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Doody's Review ServiceReviewer: Willem J de Villiers, MD, PhD, MHCM (University of Kentucky College of Medicine)
Description: This is the timely fourth edition (last edition published 12 years ago) of this handbook, originally titled Manual of Gastroenterologic Procedures. It is a unique, reliable, and concise resource for virtually all of the gastroenterological procedures commonly used in clinical practice and academic training programs. A standardized format is used for description of procedures with section headings relating to indications, contraindications, patient preparation, procedure, and complications. Simple line drawings illustrate key concepts.
Purpose: The handbook is aimed primarily at gastroenterologists and their staff in the procedure unit. However, its readership will more broadly also include GI fellows, general physicians and residents, surgeons, nurses, technicians, and students. It is not intended to provide complete endoscopic information, but rather serves as a "quick look" source of essential information and helpful tips. This updated version is welcomed as much has changed since publication of the previous edition and it clearly meets its worthy objectives.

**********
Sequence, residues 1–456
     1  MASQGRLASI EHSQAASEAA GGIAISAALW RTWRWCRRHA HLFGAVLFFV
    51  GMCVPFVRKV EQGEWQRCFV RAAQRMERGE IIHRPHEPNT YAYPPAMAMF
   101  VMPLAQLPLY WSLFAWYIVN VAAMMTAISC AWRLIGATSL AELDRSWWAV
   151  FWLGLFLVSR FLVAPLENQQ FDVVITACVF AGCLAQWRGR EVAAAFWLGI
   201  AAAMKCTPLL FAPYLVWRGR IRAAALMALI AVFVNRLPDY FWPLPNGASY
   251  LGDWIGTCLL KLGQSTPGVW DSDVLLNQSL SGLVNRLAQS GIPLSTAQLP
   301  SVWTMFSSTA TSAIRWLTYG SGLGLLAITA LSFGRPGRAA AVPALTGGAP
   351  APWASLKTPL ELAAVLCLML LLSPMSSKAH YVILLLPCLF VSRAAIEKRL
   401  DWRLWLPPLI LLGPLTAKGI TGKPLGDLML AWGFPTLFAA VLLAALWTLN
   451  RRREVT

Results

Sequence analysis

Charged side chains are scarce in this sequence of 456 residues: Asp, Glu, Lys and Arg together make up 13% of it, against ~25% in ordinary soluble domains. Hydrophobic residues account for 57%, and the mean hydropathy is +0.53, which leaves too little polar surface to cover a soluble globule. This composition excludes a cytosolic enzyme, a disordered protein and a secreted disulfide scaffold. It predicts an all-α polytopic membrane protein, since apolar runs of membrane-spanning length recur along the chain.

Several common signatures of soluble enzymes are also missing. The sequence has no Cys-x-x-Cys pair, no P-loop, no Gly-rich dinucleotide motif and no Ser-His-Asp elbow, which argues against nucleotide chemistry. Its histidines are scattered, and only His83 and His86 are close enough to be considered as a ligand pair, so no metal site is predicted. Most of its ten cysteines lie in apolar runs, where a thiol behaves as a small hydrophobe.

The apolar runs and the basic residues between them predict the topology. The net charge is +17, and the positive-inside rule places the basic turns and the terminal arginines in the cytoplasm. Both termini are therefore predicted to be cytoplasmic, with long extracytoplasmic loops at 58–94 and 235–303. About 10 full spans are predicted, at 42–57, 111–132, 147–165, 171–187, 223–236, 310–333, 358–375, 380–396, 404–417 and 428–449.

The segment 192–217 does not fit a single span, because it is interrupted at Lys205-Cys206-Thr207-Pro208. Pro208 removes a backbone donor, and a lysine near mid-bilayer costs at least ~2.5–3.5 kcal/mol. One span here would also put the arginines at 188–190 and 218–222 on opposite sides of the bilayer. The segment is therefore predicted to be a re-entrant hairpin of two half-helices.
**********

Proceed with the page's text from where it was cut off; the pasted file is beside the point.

Audience: Originally the product of the Division of Gastroenterology and Hepatology at the University of North Carolina, the handbook is now written by a list of contributing authors that reads like a Who's Who of United States academic and private gastroenterologists. It is a practical manual aimed at gastroenterologists and gastroenterologists-in-training as well as nurses and technicians in the GI procedure unit.
Features: The handbook is a practical, easily accessible manual to almost all gastroenterological procedures performed commonly. There are a total of 50 chapters and six useful appendixes (including a complete listing of CPT codes). The short, to-the-point chapters are grouped in five broad sections, covering preparation of the patient, basic techniques, advanced and/or secondary techniques, tests of GI function, and endoscopic ultrasound. Numerous updates are covered such as endoscopic ultrasound, capsule endoscopy, and argon plasma coagulation as well as endoscopic antireflux therapies (Stretta, Enteryx and EndoCinch). Shortcomings include: omission of flexible sigmoidoscopy as an entity— although it is ostensibly covered in the colonoscopy chapter, no CPT codes are provided for it; and cursory coverage of the wireless Bravo pH probe placement and monitoring of esophageal pH.
Assessment: This is an outstanding, easily accessible handbook in a handy format that contains practical information gastroenterologists and trainees require on a daily basis. This fourth edition has been long awaited and the audience will not be disappointed.